Chicken Tetrazzini

Chicken Tetrazzini

Returning from vacation is no fun.  Normally it is bad, but this time I literally felt like I jumped into a deep pool of cold water – I can hardly catch my breath.  I am just hoping that Friday gets here quickly – I am definitely looking forward to getting back to the kitchen – although I haven’t had a minute to think about what I will make.  That is a good problem to have.

We ate extremely well last week – so well, that when I went to the cafeteria yesterday (I actually had 10 minutes of free time to run downstairs), nothing looked appetizing.  I hate that.  I ended up with a salad – which worked out fine – but as I walked upstairs, I thought about the amazing Asparagus Souffle I had for lunch the previous Monday.  Every bite was perfect – and just melted in my mouth.  I can’t wait to go back for more.

Before we left on vacation, my husband was travelling for work – which means break out the pasta and the dairy.  This time I let the girls make all the decisions, and I must say they did quite well picking out our dinners – this one from Cooking Light.  Chicken Tetrazzini is one of those dishes that I often crave.  There is nothing quite like a big casserole of noodles, chicken and a tasty white creamy sauce.  The girls were not thrilled with the peas, but they ate most of them anyway because the rest of the dish was so delicious.  This was a little more involved than I thought it would be – but completely worth it.  The best part, this definitely serves a crowd – we invited our neighbors over at the last minute, and we still had leftovers.  Exactly what I could use this week…

Ingredients

  • 10 ounce uncooked linguine
  • 2 tablespoons butter
  • 1/4 cup all-purpose flour
  • 2 1/2 cups unsalted chicken stock
  • 1 (12-ounce) can evaporated low-fat milk
  • 2.5 ounces grated Parmigiano-Reggiano cheese, divided
  • 1 ounce 1/3-less-fat cream cheese
  • 1 teaspoon kosher salt
  • 1/2 teaspoon black pepper
  • 4 teaspoons olive oil, divided
  • 2 (8-ounce) packages sliced mushrooms
  • 1 cup chopped onion
  • 1 1/2 tablespoons minced garlic (about 6 cloves)
  • 2 teaspoons fresh thyme
  • 1/2 cup dry white wine
  • 3 cups shredded cooked chicken breast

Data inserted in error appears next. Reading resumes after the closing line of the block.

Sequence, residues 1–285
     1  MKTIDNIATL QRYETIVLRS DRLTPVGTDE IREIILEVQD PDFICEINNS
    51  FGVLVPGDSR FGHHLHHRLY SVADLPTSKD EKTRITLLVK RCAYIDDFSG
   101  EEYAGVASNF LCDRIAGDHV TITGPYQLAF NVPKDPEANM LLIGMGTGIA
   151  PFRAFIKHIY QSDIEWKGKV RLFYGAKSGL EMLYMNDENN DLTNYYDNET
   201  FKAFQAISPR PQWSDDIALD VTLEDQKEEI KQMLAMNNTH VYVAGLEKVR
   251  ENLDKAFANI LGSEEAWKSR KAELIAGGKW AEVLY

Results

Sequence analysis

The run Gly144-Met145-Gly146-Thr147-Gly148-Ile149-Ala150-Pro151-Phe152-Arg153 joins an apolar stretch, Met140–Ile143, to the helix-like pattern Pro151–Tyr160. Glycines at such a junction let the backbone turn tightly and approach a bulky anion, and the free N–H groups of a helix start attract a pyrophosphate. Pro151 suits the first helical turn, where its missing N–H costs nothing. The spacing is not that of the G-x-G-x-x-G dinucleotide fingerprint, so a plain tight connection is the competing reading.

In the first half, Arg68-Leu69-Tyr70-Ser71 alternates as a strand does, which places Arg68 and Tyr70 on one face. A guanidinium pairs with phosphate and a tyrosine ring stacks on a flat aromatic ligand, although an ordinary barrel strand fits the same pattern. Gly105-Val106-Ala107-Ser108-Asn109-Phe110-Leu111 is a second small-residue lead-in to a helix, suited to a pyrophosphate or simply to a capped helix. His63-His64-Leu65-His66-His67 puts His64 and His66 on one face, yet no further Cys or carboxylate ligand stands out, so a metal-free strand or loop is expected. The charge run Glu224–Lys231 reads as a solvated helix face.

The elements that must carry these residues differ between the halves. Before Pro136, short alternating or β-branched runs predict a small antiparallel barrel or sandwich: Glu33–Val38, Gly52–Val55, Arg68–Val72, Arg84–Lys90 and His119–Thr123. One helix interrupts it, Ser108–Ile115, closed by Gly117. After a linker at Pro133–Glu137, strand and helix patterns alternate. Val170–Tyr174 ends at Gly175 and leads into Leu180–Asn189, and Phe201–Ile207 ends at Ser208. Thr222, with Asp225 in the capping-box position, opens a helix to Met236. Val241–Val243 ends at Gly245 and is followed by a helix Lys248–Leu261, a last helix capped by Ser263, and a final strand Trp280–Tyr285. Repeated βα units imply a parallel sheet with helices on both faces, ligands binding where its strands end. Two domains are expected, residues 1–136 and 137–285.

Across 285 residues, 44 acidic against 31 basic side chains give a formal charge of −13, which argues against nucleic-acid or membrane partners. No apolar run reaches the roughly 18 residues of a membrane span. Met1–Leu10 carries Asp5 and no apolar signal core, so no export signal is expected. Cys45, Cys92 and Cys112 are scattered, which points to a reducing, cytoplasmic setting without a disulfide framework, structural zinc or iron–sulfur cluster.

• 1 cup frozen green peas
  • Cooking spray
  • 1 1/2 ounces French bread baguette, torn into pieces
  • 1/4 cup chopped fresh flat-leaf parsley

Preparation

Preheat oven to 375°.

Cook pasta according to package directions, omitting salt and fat; drain.

Melt butter in a medium saucepan over medium heat. Stir in flour; cook 2 minutes, stirring constantly with a whisk. Gradually add stock and milk; bring to a boil. Reduce heat, and simmer 5 minutes. Remove from heat; stir in 2 ounces Parmigiano-Reggiano cheese, cream cheese, salt, and pepper.

Heat a large skillet over medium-high heat. Add 1 tablespoon oil to pan; swirl to coat. Add mushrooms; sauté 3 minutes, stirring occasionally. Add onion, garlic, and thyme; sauté 3 minutes. Add wine; cook 1 minute. Combine milk mixture, mushroom mixture, pasta, chicken, and peas; toss to combine. Spoon the pasta mixture into a 13 x 9-inch glass or ceramic baking dish coated with cooking spray.

Place bread in a food processor; drizzle with 1 teaspoon oil. Process until coarse crumbs form. Combine breadcrumbs and remaining Parmigiano-Reggiano; sprinkle evenly over pasta. Bake at 375° for 30 minutes or until browned and bubbly. Top with parsley.

For a printer-friendly version of this recipe, please click here:  Chicken Tetrazzini

About these ads

Meyer Lemon and Mango Sorbet

Meyer Lemon and Mango Sorbet

Sometimes you just need a little mango in your life.  It is spring, and the markets are starting to carry all the different produce that just make you want to have a picnic, or open your windows and let that spring air come through.  Of course in Seattle we get a few days here and there, but for the most part it stays cold and rainy until July.  So, we have to do other things to make us think that the sun is shining brightly outdoors.

My daughters love dessert – but what they love even more is getting dessert at a fancy restaurant.  They don’t get to go to fancy restaurants all that often, in fact, hardly ever.  I think because of that, it is even more special.  It just so happens that recently my younger daughter had the privilege of eating somewhere very unique – and for dessert she ordered mango sorbet.  Well, that in and of itself would have been exciting enough, but they brought the sorbet with a beautiful assortment of fresh fruit, and a delicious madeleine.  I swear she has never looked more excited.  She was almost squealing with delight at the thought of digging into this.  She enjoyed it immensely, and it was so much fun to watch.